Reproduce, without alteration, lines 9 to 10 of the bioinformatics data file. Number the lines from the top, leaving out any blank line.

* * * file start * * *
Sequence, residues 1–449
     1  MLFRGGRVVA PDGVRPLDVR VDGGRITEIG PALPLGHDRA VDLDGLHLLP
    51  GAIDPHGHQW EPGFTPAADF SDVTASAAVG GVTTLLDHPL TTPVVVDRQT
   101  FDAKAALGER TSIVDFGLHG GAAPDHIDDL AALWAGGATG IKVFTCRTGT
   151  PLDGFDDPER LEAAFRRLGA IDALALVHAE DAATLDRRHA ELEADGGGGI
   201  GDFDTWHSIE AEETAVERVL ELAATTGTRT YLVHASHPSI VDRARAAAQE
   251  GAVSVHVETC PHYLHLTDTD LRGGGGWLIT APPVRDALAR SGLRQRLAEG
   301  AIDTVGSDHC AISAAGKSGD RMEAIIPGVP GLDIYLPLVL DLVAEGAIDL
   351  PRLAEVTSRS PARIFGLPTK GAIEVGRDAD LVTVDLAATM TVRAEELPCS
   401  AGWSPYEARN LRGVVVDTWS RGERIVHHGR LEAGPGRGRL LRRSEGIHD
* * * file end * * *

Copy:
   351  PRLAEVTSRS PARIFGLPTK GAIEVGRDAD LVTVDLAATM TVRAEELPCS
   401  AGWSPYEARN LRGVVVDTWS RGERIVHHGR LEAGPGRGRL LRRSEGIHD